This is what happens when farmers begin using modern fertilizers and intensive irrigation practices. These methods already remove much of the food’s natural mineral nutrients. And that’s compounded by breeding practices that opt for foods that grow fast and large. This is what’s referred to as the dilution effect.

So if this is what’s been going on for so long, why haven’t we taken notice and demanded the return of high-quality food?

The Dorito Effect Key Idea #3: The increasing use of synthetic flavorings has dramatically changed our food.

Have you ever been frustrated after picking up a loaf of bread in the supermarket and noticing that the list of ingredients goes into the double digits? Isn’t bread just water, flour, yeast and salt? It can be equally as frustrating to find that simple foods like ice cream and corn chips can list up to 30 different ingredients nowadays.

This increase in ingredients is due to technological advancements made in the food industry in recent years. For instance, the process of gas chromatography has made it possible to take any substance or food, and to separate, analyze and reproduce its aroma. This is how flavor scientists were able to extract the signature flavor of tacos and add it to tortilla chips. But it doesn’t stop there.

Industrial chemistry has advanced to the point that labs can imitate natural flavors. These chemical compounds are trademarked secrets but they’re what make, for example, McCormick’s Imitation Vanilla Extract a best-selling item. The chemical that gives vanilla that special resinous note is one of 30 compounds that McCormick uses to make an inexpensive imitation of the stuff that consumers now prefer to the real thing.

These synthetic flavoring practices have increased dramatically over the past 30 years. Something has to spice up the bland, poor-quality, pre-packaged food the industry is manufacturing – and synthetic flavoring has become the answer. Take chicken nuggets: before they’re ready for the dipping sauce the meat is ground up, mixed with water and seasoning and doused in a batter full of synthetic flavorings.

Sadly, restaurants can be just as guilty of the pre-flavoring crime. Most fast-food eateries consider “cooking” a matter of assembling and reheating a packaged product that was manufactured and pre-seasoned in a food industry factory.

The Dorito Effect Key Idea #4: Our natural sense of taste guides us to the nutrient-rich foods we need.

Do you ever find yourself craving a particular food, like olives, fresh fruit or a rare steak? When this happens, your body is probably telling you it needs specific nutrients which can be found in that food. The guiding force behind this dynamic is your powerful sense of flavor.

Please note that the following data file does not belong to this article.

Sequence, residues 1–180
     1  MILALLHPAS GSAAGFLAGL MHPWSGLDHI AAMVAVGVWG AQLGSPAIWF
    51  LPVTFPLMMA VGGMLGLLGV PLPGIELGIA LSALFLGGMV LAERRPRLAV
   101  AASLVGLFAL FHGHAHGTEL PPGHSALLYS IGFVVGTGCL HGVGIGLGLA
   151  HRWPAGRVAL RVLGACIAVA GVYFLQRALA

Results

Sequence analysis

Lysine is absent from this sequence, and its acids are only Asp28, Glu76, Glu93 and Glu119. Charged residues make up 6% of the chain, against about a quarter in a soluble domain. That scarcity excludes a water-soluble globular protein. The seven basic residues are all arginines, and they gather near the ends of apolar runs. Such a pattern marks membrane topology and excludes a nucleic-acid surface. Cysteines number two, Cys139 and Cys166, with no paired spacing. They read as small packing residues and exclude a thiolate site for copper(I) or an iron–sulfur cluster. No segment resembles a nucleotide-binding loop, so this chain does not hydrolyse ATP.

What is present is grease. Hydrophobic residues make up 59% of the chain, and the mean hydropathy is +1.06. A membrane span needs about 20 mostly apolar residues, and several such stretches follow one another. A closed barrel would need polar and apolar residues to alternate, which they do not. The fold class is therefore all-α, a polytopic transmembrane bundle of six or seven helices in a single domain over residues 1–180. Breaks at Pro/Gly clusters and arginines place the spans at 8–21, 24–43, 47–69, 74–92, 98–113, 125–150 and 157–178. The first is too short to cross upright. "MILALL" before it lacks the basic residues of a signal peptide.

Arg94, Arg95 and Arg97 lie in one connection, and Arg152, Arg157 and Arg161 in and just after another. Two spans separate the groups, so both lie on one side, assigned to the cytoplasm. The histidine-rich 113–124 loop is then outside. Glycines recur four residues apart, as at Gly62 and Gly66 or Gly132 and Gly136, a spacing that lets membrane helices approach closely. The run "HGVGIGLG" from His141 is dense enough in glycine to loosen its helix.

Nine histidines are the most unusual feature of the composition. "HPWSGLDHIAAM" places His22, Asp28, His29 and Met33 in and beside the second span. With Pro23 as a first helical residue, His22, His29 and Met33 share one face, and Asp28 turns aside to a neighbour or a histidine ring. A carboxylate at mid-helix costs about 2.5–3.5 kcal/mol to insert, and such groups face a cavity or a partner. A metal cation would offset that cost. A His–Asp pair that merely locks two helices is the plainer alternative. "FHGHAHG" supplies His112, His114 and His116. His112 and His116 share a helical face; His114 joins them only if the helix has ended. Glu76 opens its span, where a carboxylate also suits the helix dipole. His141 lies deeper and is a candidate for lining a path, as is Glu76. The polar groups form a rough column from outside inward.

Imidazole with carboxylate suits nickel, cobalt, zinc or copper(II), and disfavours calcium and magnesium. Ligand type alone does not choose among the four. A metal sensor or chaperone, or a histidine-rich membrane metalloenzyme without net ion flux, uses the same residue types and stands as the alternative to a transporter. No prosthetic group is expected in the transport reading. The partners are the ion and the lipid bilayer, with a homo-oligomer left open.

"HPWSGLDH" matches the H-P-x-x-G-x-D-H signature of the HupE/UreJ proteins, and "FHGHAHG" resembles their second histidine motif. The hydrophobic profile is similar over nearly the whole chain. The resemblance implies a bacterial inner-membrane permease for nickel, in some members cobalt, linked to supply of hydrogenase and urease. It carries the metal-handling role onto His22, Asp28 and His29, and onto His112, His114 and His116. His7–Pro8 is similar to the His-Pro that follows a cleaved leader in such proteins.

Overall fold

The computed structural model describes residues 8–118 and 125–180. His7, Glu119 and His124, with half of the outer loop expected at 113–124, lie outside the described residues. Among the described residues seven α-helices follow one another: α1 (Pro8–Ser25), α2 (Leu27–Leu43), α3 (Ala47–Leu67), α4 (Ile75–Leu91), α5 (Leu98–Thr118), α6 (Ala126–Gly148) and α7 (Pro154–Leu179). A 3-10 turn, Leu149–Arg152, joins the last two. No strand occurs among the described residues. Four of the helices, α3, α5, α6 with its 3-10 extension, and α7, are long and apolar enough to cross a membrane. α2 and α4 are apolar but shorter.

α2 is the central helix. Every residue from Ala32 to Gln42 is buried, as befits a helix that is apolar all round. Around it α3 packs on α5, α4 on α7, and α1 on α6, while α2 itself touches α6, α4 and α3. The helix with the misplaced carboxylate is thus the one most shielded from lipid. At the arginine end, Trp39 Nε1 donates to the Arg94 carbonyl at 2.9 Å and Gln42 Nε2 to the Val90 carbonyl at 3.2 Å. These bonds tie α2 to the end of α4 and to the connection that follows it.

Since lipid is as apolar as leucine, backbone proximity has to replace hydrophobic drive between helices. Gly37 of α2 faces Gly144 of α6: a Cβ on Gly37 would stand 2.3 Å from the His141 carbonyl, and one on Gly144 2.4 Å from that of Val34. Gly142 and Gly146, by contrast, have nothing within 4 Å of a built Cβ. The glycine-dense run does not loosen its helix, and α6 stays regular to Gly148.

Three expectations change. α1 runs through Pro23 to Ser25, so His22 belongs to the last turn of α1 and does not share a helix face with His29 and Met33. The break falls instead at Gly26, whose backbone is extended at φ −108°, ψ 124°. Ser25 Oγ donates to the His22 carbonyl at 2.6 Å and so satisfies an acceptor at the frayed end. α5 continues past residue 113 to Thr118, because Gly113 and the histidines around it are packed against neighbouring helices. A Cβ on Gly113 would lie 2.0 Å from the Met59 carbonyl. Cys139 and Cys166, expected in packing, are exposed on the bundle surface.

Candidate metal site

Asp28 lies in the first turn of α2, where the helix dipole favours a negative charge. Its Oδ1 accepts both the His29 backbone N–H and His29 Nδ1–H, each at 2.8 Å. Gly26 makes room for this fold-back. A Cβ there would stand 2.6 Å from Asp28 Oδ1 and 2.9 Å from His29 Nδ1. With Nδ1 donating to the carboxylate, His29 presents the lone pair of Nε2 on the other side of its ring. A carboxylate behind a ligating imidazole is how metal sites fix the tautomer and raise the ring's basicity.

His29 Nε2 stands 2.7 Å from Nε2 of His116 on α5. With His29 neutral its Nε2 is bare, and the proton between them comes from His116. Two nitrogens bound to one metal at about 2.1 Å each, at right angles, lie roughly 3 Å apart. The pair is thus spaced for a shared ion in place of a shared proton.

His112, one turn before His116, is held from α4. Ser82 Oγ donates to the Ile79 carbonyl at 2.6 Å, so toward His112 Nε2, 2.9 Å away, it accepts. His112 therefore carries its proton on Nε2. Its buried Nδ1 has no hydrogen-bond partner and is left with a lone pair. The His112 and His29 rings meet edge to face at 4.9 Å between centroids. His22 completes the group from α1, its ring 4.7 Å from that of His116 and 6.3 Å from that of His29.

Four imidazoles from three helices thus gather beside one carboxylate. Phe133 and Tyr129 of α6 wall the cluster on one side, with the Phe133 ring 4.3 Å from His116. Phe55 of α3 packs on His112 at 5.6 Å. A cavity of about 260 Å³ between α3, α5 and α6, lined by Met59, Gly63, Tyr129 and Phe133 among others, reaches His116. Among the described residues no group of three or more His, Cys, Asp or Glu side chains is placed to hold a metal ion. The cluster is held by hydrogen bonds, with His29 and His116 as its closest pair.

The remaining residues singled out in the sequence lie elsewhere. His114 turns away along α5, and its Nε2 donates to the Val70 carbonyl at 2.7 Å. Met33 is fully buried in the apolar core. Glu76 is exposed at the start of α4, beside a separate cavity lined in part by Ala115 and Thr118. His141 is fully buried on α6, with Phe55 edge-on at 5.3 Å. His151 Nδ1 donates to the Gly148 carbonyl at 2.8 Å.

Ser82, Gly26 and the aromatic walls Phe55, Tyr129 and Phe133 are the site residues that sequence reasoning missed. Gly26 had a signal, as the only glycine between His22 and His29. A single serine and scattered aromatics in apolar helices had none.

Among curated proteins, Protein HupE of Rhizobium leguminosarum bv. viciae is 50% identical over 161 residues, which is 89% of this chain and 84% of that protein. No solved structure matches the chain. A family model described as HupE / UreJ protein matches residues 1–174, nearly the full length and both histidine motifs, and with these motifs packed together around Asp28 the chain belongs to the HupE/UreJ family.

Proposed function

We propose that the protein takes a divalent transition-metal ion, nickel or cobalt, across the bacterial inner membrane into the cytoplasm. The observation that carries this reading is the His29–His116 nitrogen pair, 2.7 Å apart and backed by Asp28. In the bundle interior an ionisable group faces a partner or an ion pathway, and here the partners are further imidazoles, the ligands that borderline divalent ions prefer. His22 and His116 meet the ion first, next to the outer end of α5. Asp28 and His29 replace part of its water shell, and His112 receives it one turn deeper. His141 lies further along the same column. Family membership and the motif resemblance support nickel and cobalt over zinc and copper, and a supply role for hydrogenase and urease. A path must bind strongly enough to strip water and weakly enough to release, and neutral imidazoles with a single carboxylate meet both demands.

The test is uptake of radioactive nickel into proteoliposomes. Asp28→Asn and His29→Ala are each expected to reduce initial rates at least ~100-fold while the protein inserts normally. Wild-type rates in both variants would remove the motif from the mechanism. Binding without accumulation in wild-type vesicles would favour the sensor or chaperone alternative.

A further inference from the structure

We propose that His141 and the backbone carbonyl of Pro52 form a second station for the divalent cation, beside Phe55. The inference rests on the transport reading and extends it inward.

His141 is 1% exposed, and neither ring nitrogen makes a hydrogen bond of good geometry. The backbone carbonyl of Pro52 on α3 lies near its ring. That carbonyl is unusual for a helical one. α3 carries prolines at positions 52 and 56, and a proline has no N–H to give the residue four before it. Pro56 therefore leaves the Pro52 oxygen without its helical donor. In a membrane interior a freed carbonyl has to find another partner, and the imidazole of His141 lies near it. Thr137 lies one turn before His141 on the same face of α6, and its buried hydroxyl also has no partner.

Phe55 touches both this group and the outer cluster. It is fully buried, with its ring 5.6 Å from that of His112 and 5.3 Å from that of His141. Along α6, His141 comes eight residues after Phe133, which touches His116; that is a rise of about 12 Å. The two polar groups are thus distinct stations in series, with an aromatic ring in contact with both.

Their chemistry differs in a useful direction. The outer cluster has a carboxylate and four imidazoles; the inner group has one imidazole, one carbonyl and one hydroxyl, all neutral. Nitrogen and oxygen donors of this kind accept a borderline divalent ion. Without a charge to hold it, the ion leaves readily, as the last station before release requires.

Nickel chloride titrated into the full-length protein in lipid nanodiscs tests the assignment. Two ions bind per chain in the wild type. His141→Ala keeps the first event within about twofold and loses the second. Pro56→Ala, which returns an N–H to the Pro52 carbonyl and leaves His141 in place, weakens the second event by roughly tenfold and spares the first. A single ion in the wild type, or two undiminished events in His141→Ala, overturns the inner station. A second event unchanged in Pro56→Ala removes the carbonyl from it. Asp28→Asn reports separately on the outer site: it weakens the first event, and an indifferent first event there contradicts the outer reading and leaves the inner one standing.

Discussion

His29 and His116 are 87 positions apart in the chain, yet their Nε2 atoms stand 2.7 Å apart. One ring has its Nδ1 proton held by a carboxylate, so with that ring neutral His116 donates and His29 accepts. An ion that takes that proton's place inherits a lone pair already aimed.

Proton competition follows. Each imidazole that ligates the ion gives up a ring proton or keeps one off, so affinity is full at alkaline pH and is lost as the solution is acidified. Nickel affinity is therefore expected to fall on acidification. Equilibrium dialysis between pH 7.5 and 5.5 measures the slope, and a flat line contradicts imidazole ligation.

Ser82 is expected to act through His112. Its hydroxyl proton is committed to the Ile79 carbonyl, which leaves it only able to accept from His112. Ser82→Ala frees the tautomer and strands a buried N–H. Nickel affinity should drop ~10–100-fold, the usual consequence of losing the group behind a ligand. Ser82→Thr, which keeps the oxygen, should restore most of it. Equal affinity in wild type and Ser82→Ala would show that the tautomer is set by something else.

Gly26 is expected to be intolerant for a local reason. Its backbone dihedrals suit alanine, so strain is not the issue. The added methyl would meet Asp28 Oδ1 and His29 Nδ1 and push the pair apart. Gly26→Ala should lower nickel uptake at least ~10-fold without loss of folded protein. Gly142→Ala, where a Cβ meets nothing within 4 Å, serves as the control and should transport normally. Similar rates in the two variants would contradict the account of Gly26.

When you think of what’s responsible for your sense of taste, you probably think of your tongue and mouth. But when it comes to appreciating food, your nose is the star of the show. The process of chewing and swallowing releases aroma vapors from the food, which reach the nasal cavity through a passageway in your throat. This important process is called retronasal olfaction.

The tongue certainly plays a role but it only picks up basic tastes like sweet, salty and sour. The tiny receptors in our nasal cavity, on the other hand, can pick up and differentiate over a trillion unique aromas.

With these tools at its disposal, our body then trains our sense of flavor by sending positive feedback when we eat foods containing the nutrients we need, making sure we’ll continue to seek them out. This is perhaps best represented in a famous experiment from the 1920s when a pediatrician allowed 15 recently weaned babies to choose their own diet from a buffet of 34 different nutritious items.

As you might expect, letting babies choose their own food led to some bizarre combinations like orange juice and liver for breakfast. But the results were conclusive: the children were listening to their bodies, choosing foods that provided the nutrients they needed and their health thrived because of it. Their sense of taste helped them become their own expert nutritionists.

The Dorito Effect Key Idea #5: Synthetic flavors trick us into eating unhealthy foods.

So, if our bodies have this perfectly designed system intended to keep us healthy, why do so many people gorge themselves on junk food?

Many products containing synthetic flavoring can fool our bodies into believing we’re eating something nutritious when we’re not. Take Grapeade, a drink that actually contains 0 percent grapes. In reality, it’s made of high-fructose corn syrup and pear juice. It’s a classic example of what’s called bait and switch: by combining synthetic grape flavoring with a powerful flavor additive – in this case high-fructose corn syrup – Grapeade tricks our bodies into thinking we’re actually ingesting healthy grapes, but instead the beverage is only feeding us refined carbohydrates and sugar.